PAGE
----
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Browser data in distributed tracing

If you use New Relic to monitor end-user browser activity, you can take advantage of distributed tracing to see browser-side traces that originate from the end-user experience.

Trace activity from front end to back end

By reporting browser data in distributed tracing, you can see the connection between front-end activity and back-end activity. New Relic traces data across a full transaction, from time spent by an end user in the web browser, to network activity, to associated back-end services. This helps you:

  • Spot latencies, errors, and anomalies in the browser or network more easily.
  • Resolve customer-facing problems more quickly.
  • Apply all the benefits of distributed tracing to your end-user monitoring.

This feature reports AJAX requests (Fetch and XHR) that occur during a browser interaction. By default, only single-origin requests are monitored unless cross-origin resource sharing is enabled.

Browser and APM versions

Make sure you have the necessary minimum versions for your browser monitoring agent and your APM agent:

Browser monitoring:

APM:

Enable distributed tracing

By default, for agent version 1173 and higher, the newrelic, traceparent, and tracestate headers will be added to all same-origin AJAX requests. (If you exclude them, no headers will be sent.) For more information, see our documentation about W3C trace context headers.

To enable distributed tracing for browser monitoring:

  1. Make sure your browser monitoring agent and APM agent are compatible with distributed tracing. Update to the most recent version if applicable.
  2. Go to one.newrelic.com, and click Browser. Select an app, then click Application settings.
  3. Turn on the Distributed tracing toggle.
  4. Optional: Enable cross-origin resource sharing.
  5. Redeploy the browser monitoring agent, either by restarting the associated APM agent or by updating the copy/paste browser installation.
  6. If you have apps or services that are downstream from your browser app and they use Infinite Tracing, complete the setup steps for Infinite Tracing.

W3C trace context headers

With the release of browser monitoring agent version 1173, we support the W3C trace context headers (traceparent and tracestate), so be sure to allow them in your configuration. W3C trace context defines a pair of standardized context HTTP headers that serve to propagate context correlation information between services:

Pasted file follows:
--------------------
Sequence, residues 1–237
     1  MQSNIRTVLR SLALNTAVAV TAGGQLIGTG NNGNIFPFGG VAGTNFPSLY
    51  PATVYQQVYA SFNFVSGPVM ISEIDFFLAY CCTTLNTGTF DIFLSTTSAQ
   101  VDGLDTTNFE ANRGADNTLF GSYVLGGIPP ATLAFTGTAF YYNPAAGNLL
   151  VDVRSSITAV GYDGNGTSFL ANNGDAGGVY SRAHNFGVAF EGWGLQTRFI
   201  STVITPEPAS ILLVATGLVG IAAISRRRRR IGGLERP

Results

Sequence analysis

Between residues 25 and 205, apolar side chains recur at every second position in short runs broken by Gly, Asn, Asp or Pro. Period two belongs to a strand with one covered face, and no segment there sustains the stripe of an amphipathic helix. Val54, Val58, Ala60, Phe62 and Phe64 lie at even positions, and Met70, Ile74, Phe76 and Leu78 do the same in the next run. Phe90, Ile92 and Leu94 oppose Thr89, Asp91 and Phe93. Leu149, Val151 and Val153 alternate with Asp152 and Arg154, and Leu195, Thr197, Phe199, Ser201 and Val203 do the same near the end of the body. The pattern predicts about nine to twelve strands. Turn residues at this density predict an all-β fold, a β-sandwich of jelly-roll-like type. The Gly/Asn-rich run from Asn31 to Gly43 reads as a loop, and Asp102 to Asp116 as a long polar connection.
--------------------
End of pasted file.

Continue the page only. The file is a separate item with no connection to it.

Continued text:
• A traceparent header contains the data elements that every distributed tracing model requires to define and propagate context: a trace ID, a parent ID, and a sample flag.
  • A tracestate header holds vendor-specific, contextual data, typically in order to support additional functionality or optimizations associated with a particular tracing tool.

For more information about W3C trace context, see our blog post.

Enable cross-origin resource sharing (CORS)

If you have AJAX requests that need resources from different origins, you can enable cross-origin resource sharing (CORS). By default, distributed tracing for cross-origin requests is not enabled because of browser CORS security restrictions: Distributed tracing is implemented by adding custom HTTP headers (newrelic, traceparent, and tracestate) to outgoing AJAX requests, and browsers typically do not allow custom headers on cross-origin requests.

There are two separate configurations required to enable cross-origin distributed tracing:

  1. Configure the service on the different origin to accept the newrelic custom header.
  2. Configure browser monitoring in your Application settings to include the target origin in distributed tracing.

This section provides key concepts and steps to enable and configure CORS. If you need more background about how cross-origin resource sharing works, we recommend this Mozilla developer document.

Caution

As explained in the following section, cross-origin resource sharing can expose you to a high level of risk if the services on the different origins are not configured correctly. We recommend that you read the next three sections sequentially.

Enable Infinite Tracing

We offer a tail-based distributed tracing feature called Infinite Tracing. If your browser apps have downstream services, be sure to enable it. This ensures that your root span (the initiating browser app) is included in the rest of the spans tracked by Infinite Tracing.

To set up Infinite Tracing:

  1. Complete the steps to enable distributed tracing.
  2. Go to our Infinite Tracing documentation, then follow the steps to create a trace observer and to select which apps (data sources) you want to send trace spans to the Infinite Tracing trace observer.

Explore your trace data

Here are some tips for finding and querying your trace data in New Relic.

If you want to...

Do this...

Examine traces originating from end-user experience

Go to any distributed tracing page in the New Relic UI.

View end-user spans

In the distributed tracing UI, end-user spans are indicated with the New Relic distributed tracing browser span icon icon. To see a span's attributes, select a span in the UI.

Query span data

Spans are reported as Span data. You can query span data in New Relic. For example:

  • Query by browser app name by setting browserApp.name.
  • Query for traces containing at least one browser app span with browserApp.name is not null.
  • Query for traces containing at least one back-end app with appName is not null.
  • Query for traces containing both browser and back-end spans by combining the two previous conditions.

Troubleshooting

If you don't see end-user spans or are having other distributed tracing issues, see our troubleshooting documentation.

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